CARES Act Funds Required for Economically Stressed Front-Line Nursing Home Pharmacists
SCPC: HHS Urged to Allocate Funds Necessary to Sustain Seniors’ Essential Prescription Medication Needs
Washington, DC – Warning that key nursing home pharmacies providing essential medications and clinical management expertise to seniors in nursing homes risk widespread business failure if worsening economic circumstances continue, the Senior Care Pharmacy Coalition (SCPC) today said the nation’s long-term care (LTC) pharmacies must receive their fair share of the $175 billion appropriated as part of the Coronavirus Aid, Relief, and Economic Security Act or the “CARES Act”.
“The LTC pharmacies on the front-line of the nursing home crisis face severe economic strains that, by extension, threaten our most vulnerable seniors’ ongoing access to the prescription drugs and medication management expertise they require throughout the COVID-19 pandemic,” warned Alan G. Rosenbloom, President and CEO of SCPC.
According to data from SCPC’s national membership, the COVID-19 pandemic response has increased LTC pharmacy costs by 6 percent and reduced revenues by 15 percent in the last month alone. Revenue losses have worsened in April 2020, and will continue for months, Rosenbloom predicted, as admissions to nursing homes and other LTC facilities drop, and prescription medication volume continues to plummet.
Rosenbloom said the CARES Act appropriated $175 billion for the Public Health and Social Service Emergency Fund to provide grants to “eligible health care providers,” including Medicare or Medicaid enrolled suppliers and providers. As registered providers in state Medicaid programs, LTC pharmacies are eligible for emergency CARES Act relief from the U.S. Department of Health and Human Services (HHS).
Medicare accounts for a majority of LTC pharmacy revenues through contracts with skilled nursing facility (SNF) Part A and Part D plans, but they are not Medicare-enrolled providers. Medicaid, on the other hand, accounts for only a small percentage of revenues for most LTC pharmacies.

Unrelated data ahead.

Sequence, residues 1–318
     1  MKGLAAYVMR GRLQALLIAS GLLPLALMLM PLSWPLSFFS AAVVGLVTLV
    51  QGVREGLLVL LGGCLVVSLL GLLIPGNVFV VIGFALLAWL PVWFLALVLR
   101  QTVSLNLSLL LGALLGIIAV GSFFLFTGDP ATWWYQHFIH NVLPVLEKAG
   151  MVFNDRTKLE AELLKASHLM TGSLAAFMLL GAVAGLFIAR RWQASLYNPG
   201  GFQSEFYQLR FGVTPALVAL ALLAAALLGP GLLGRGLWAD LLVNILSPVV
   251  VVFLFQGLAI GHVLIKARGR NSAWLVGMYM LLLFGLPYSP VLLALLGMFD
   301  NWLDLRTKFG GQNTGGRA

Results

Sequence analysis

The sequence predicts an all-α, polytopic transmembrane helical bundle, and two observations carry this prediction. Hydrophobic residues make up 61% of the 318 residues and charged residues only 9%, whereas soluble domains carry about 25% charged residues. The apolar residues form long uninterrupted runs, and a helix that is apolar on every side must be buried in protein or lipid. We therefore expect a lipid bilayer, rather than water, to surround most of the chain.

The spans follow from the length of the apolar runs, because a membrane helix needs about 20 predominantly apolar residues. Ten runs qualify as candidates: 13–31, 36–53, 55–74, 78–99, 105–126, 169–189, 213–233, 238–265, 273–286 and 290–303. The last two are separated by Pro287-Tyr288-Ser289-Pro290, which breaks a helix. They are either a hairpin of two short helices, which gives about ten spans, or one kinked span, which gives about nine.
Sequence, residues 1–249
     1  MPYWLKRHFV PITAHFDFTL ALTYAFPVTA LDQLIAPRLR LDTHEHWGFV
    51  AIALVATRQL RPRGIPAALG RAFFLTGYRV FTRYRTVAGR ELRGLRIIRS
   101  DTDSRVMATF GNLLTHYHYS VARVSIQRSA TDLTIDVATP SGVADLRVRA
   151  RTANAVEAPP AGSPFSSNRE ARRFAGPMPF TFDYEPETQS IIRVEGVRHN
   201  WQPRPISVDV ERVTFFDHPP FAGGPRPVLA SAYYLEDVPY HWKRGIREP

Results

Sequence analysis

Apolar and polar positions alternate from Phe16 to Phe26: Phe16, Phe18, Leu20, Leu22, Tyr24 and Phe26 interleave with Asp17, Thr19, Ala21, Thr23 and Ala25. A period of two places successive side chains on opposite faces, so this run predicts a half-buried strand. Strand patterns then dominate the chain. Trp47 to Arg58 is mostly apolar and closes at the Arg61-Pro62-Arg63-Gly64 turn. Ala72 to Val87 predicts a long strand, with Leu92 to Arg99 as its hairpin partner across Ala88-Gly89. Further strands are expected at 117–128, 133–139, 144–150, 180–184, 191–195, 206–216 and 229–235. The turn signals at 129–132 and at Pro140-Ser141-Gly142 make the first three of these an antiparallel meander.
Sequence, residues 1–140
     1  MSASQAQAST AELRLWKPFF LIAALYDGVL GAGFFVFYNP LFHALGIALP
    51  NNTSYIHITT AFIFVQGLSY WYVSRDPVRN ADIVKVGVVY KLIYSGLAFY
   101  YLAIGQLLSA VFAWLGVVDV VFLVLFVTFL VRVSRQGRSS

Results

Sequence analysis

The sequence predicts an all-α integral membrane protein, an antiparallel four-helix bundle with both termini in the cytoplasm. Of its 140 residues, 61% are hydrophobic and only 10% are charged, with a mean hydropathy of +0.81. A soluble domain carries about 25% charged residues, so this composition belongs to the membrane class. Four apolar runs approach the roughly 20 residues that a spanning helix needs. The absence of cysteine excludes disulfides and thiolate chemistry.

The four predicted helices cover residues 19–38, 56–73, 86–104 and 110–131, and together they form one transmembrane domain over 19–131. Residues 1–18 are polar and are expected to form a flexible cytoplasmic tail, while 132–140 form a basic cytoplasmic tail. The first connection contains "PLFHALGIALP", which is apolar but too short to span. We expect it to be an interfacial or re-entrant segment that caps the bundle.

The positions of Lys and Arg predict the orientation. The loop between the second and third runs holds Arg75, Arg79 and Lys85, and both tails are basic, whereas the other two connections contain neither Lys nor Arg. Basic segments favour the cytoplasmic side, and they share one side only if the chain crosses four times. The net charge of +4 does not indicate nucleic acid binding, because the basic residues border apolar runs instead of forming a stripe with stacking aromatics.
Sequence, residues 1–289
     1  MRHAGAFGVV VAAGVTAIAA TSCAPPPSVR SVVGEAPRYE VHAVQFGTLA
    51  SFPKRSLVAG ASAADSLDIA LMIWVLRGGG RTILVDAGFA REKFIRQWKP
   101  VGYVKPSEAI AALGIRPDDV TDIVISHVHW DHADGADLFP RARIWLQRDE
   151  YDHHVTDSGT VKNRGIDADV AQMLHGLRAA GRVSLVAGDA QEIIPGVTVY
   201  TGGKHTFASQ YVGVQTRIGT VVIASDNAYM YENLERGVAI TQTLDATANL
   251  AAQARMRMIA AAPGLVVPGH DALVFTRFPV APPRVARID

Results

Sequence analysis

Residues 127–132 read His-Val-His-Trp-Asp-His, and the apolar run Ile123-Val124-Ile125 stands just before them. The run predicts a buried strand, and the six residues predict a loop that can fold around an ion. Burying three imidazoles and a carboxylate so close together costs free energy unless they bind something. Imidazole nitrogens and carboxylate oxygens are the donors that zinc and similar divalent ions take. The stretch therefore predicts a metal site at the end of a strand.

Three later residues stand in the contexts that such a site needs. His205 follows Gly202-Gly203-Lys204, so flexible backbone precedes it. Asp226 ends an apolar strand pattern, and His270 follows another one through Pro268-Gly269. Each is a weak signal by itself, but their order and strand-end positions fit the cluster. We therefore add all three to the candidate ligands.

“We are deeply concerned HHS may not be aware of LTC pharmacy eligibility under state Medicaid programs. Even if HHS understands LTC pharmacy eligibility, LTC pharmacies may not receive full relief if the Department fails to appreciate the complex contractor relationships LTC pharmacies have with nursing homes and prescription drug plans under Medicare. For the benefit of seniors’ ongoing care, HHS must develop a payment metric that recognizes these circumstances,” he continued.
Rosenbloom noted that HHS could quickly develop a process to distribute funds to LTC pharmacies based on an easily calculated metric, such as net patient revenues.
“There is precedent, as HHS has already employed such metrics in the second phase of emergency fund disbursement announced last week. We believe the public-at-large strongly supports vulnerable nursing home patients’ uninterrupted access to the 8-9 daily prescriptions required to maintain their health. We call on Congress to help LTC pharmacies protect nursing home residents by demanding that HHS act now,” Rosenbloom concluded. “There exists a clear and present danger to these residents if HHS does not ensure the ongoing viability of LTC pharmacies’ life-saving front-line care and expertise unless the CARES Act aid they qualify for is provided.”
The Senior Care Pharmacy Coalition (SCPC) is the only national organization exclusively representing the interests of LTC pharmacies. Its members operate in all 50 states and serve 850,000 patients daily in skilled nursing and assisted living facilities across the country. Visit seniorcarepharmacies.org to learn more.
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